I remember about Jumper! I was impressed with her for not putting up with a fight to go over the bridge during the second day. She instead listened to her trainer after she saw the bridge so she slowly went over the bridge. 'When the trainer asked her to go over the bridge, she looked at the bridge with very wide eyes like she never saw it before and stopped right there. Her trainer softly and gently assured her to go over the bridge - Jumper then decided to trust the trainer by going forward slowly. She just went over instead of putting her foot down or rearing or bucking. Just went over the bridge! I LOVED her for that! Cody, the trainer was GREAT!

                              My daughter told me to put down the note that the horse was CUTE! You brought home a WINNER!

                              Yeah, I agree with you about not wanting to bid against the trainer. But, the lady who got the horse did not show as if she was aware that Dan really wanted to keep the horse. Just going after what she wanted. I didn't feel that it was right. I do feel for the trainer.

                              I honestly do not think that many of those trainers will come back for another challenge considering what you pointed out that they've poured so much money into the horse and so much time to bond with them. So this auction ought to be the best ever.
                              Will get a dream horse!
                              More riding, swimming, and rowing, less posting

                              Comment


                              • #16
                                Your bridge story is pretty typical of Mustangs (of course, each individual is different) With my guy, if he acts a little scared of something (the other day it was a big rock), I let him look at it and figure it out- I don't push him or "make him." For example with the rock, he was snorting at it a bit, but I let him look, then walk up to it by himself, and after 2 minutes, he decided to put his front feet up on it!!!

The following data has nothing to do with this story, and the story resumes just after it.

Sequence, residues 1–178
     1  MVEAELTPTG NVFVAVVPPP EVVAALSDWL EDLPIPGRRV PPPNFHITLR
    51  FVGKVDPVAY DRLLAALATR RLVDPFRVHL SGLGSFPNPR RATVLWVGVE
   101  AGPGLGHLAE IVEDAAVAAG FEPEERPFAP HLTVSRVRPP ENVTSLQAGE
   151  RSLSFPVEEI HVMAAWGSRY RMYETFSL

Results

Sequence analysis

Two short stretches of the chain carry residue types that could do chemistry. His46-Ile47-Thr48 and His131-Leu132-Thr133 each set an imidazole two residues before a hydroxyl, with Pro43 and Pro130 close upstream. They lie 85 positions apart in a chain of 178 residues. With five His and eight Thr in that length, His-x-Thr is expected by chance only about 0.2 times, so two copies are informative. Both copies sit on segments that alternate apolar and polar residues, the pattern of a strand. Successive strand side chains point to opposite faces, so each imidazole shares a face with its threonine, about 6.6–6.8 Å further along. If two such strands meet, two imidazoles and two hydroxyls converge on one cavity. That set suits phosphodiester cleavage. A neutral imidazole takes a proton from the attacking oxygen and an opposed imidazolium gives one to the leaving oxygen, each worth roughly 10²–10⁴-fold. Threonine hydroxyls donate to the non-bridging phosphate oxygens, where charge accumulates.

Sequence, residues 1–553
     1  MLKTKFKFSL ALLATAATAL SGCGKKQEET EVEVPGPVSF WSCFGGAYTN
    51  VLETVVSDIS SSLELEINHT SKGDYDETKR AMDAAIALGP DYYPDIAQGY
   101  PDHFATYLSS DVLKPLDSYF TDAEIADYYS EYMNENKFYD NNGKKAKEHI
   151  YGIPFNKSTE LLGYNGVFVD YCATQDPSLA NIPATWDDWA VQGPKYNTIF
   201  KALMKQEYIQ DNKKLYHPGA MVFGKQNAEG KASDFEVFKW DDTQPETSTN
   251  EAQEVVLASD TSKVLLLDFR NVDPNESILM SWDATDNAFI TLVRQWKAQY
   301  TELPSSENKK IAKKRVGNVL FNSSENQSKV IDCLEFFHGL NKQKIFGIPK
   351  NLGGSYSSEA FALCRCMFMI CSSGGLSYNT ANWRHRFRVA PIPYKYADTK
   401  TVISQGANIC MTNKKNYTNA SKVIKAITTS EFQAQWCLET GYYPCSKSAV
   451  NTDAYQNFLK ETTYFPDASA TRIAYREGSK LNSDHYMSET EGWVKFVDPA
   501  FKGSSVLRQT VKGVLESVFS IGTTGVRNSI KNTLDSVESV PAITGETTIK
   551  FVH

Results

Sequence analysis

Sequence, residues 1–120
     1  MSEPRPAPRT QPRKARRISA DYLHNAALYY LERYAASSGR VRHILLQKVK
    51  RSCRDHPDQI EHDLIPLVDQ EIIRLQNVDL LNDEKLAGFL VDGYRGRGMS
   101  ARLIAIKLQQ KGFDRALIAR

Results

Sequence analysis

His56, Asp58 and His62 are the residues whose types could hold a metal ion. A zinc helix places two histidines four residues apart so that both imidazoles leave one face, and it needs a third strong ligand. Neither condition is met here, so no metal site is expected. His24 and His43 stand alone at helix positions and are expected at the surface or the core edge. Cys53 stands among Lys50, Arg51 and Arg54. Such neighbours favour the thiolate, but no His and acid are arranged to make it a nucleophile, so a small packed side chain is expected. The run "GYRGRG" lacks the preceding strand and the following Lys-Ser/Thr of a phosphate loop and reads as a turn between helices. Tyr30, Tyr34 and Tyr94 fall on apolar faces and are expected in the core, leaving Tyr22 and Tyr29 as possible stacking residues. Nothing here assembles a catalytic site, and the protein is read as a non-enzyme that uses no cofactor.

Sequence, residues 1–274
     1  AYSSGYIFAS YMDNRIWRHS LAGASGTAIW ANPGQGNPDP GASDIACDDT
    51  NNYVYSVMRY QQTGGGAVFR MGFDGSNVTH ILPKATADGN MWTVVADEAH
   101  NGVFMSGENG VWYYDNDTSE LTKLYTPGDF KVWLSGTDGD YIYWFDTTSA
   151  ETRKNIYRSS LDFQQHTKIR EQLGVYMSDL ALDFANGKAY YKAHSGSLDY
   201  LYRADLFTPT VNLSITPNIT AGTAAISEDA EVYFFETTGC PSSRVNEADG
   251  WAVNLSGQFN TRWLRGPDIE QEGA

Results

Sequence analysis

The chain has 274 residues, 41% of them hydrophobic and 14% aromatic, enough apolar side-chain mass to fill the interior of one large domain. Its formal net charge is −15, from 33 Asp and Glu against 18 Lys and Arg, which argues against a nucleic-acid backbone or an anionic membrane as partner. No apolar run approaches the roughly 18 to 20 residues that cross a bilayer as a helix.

That fist pic of him with the tarp was his very first time seeing a tarp - he walked up to it, pawed at it, then picked it up in his teeth!! My ArabX who has had hours of desensitizing to plastic and tarps still high tails it to the other side of the pen!!

                                Anywho, I am preaching to the choir here

                                This was my second or third ride ever on him:
                                "When life gives you scurvy, make lemonade."

                                Comment

                                • Original Poster

                                  #17
                                  Bearcat,

                                  Mustang's quality is what really attracts me to them. It is no fun having to desentisize your horse on trails when you really want to go! I recall having to work with an Icelandic to go over a creek - hours and hours. He just balked which was frustrating to no end. Other horses would rear and buck when asked.

                                  My Arab is now learning to trust me wherever we go. It is just a matter of me trusting her not to jump big sideways when she gets spooked. She hasn't done so for three years. Anyhow, I love how those Mustangs behaved at the Challenge.

                                  Your Mustang in the picture after first few rides looks like he is in for an adventure more exciting than he would ever have out in the wild! Again, he looks so cute!
                                  Will get a dream horse!
                                  More riding, swimming, and rowing, less posting

                                  Comment